The bottom line is that anonymity is a refuge for the powerless …

    Anonymity in the face of fear is a leech upon the faceless.

    Declaration of Arbroath, Scotland: "…for, as long as but a hundred of us remain alive, never will we on any conditions be brought under English rule. It is in truth not for glory, nor riches, nor honours that we are fighting, but for freedom – for that alone, which no honest man gives up but with life itself." [Signed by 49 representatives.]

    Declaration of Independence, United States: "We … solemnly publish and declare [t]hat these United Colonies are … [a]bsolved from all Allegiance to the British Crown … And for the support of this Declaration … we mutually pledge to each other our Lives, our Fortunes and our sacred Honor." [Signed by 56 representatives.]

    If an individual, or group of individuals, is serious about disseminating opinions that violate the laws of the state for the public good, threats of death and imprisonment are minor risks, and actual death and imprisonment are minor sacrifices. Martin Luther King, Jr., Nelson Mandela, and Mahatma Ghandi are but a few names of many that embody these historical sentiments. Imagine what would have happened if these people campaigned under the respective aliases, R1deUpfr0nt28, DeLaStrugL, and Sharky. A name grants the wearer capacity for credibility and influence. Names can be empowering. Anonymity, as a safety blanket, cannot.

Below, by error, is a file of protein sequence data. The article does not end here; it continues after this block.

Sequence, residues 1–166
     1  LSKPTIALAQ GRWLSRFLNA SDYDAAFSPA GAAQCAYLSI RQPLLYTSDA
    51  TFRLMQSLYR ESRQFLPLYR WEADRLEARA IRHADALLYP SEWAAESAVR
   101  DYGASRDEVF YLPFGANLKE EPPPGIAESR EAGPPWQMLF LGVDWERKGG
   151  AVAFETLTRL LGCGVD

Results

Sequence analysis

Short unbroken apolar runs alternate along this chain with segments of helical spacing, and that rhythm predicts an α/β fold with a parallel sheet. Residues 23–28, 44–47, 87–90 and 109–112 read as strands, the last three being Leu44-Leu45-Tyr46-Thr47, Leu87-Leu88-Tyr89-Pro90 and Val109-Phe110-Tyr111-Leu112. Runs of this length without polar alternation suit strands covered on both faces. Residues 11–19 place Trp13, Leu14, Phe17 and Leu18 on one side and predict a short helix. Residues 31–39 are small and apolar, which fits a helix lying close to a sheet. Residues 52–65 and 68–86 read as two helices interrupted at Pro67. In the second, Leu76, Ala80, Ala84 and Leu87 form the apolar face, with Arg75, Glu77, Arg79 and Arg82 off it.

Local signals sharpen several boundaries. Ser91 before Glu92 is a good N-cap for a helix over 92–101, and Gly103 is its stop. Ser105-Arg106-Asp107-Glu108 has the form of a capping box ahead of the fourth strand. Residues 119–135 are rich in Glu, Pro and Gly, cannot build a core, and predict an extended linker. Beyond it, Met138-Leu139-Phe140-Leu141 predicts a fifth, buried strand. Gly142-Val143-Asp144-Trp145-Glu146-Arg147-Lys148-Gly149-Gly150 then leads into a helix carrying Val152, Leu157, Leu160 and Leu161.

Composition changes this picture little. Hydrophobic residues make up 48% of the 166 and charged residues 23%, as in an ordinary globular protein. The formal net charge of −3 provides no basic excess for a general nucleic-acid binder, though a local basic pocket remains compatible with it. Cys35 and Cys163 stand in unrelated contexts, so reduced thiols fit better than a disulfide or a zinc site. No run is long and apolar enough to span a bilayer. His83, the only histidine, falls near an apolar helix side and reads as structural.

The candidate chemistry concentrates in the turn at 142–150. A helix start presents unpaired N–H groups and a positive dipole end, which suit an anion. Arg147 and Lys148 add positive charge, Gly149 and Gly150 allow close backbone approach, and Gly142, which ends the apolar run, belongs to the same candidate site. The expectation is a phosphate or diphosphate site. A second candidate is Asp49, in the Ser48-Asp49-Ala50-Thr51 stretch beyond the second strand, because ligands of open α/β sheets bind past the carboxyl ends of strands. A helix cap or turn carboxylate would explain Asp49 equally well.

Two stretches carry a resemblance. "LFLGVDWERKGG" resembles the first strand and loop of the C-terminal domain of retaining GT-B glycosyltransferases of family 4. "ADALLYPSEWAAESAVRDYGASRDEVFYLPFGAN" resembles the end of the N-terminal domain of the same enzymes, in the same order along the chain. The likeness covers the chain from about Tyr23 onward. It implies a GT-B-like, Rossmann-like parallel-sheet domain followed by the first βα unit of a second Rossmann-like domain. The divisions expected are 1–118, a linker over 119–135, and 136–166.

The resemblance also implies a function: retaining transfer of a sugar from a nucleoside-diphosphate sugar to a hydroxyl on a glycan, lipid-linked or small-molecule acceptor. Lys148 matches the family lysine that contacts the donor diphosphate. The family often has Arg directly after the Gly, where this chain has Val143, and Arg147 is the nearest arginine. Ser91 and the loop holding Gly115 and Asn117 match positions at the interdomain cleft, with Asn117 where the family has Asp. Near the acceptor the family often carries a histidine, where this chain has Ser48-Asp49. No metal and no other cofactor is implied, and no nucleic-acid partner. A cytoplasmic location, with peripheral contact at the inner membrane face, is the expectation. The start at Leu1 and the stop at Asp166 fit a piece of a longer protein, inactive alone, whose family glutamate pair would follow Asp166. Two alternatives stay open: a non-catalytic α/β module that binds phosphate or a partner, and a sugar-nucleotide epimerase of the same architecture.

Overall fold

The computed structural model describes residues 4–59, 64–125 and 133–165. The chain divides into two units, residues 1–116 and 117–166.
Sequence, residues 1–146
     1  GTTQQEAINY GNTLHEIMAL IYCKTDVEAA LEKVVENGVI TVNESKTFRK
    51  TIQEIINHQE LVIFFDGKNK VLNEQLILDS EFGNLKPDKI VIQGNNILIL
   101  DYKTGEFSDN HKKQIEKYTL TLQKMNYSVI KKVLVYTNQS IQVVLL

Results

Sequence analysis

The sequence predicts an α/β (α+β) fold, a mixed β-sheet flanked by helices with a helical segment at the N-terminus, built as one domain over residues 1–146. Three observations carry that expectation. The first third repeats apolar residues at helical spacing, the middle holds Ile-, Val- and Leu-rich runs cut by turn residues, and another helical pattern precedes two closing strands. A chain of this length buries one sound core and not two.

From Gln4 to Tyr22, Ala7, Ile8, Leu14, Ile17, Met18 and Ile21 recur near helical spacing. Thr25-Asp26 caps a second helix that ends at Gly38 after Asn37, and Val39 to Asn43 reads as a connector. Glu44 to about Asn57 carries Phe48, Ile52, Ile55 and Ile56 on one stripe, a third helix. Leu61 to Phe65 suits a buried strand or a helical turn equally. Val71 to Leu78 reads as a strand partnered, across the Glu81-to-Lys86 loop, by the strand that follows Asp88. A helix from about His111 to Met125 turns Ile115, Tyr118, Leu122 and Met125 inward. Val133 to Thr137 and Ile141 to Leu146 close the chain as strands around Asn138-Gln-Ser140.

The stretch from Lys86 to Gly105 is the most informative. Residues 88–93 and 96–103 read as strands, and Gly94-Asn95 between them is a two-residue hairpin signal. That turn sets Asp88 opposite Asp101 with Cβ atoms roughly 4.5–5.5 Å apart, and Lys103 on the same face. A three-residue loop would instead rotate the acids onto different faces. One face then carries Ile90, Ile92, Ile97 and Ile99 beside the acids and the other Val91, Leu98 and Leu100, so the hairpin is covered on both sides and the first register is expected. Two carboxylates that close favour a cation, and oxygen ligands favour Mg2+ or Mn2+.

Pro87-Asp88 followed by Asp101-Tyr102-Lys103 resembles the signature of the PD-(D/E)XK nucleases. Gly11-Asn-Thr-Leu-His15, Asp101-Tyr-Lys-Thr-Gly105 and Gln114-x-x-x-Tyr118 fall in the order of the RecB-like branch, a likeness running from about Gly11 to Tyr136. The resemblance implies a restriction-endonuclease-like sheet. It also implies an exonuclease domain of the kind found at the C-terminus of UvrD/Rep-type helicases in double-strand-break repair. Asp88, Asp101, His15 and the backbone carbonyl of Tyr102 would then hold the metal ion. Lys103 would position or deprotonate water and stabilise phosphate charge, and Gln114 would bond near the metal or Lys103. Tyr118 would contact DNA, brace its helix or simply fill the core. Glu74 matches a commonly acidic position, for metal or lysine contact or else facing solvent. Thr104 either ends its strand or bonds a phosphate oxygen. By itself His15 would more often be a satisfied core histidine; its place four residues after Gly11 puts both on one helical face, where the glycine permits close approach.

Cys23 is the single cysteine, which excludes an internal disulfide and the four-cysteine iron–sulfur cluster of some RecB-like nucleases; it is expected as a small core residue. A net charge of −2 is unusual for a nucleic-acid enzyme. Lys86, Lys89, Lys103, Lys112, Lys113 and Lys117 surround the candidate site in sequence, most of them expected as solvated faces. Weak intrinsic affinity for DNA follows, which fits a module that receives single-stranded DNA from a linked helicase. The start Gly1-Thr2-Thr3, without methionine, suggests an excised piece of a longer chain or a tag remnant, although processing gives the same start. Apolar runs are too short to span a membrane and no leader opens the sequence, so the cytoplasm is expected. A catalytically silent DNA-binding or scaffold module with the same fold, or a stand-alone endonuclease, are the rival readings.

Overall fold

But we’re getting off track. The oppression argument is, I think, a red herring given that a code of conduct for the blogosphere would require buy-in from the majority of the user community to significantly impact the limited access to blogs that oppressed people possess… And then there’s the mandatory question, "Why are oppressed people risking their lives to read, and reply to, one of 71 million bloggers complaining about too many choices?"

  13. [...] THE BLOGOSPHERE It’s a lot harder to make the case for freedom of expression and anonymity in the wake of its use… Raph Koster mulls the use and abuse of online [...]

  14. I’m with Raph on this one. Oh, I do see huge problems with people abusing the anonimity and causing very big problems where they shouldn’t be. But freedom of expression always comes with problems. The benefits far outweight the problems.
    The ability to say whatever you want without being earmarked for death, torcher, or having your family drawn in too, this is huge.

    Communication is the biggest weapon in mankinds fight towards human rights and freedoms. The pen is mightier than the sword. We can handle lies and troublemaking through communication, what we can’t handle so easily is brutal retribution for standing up for your rights.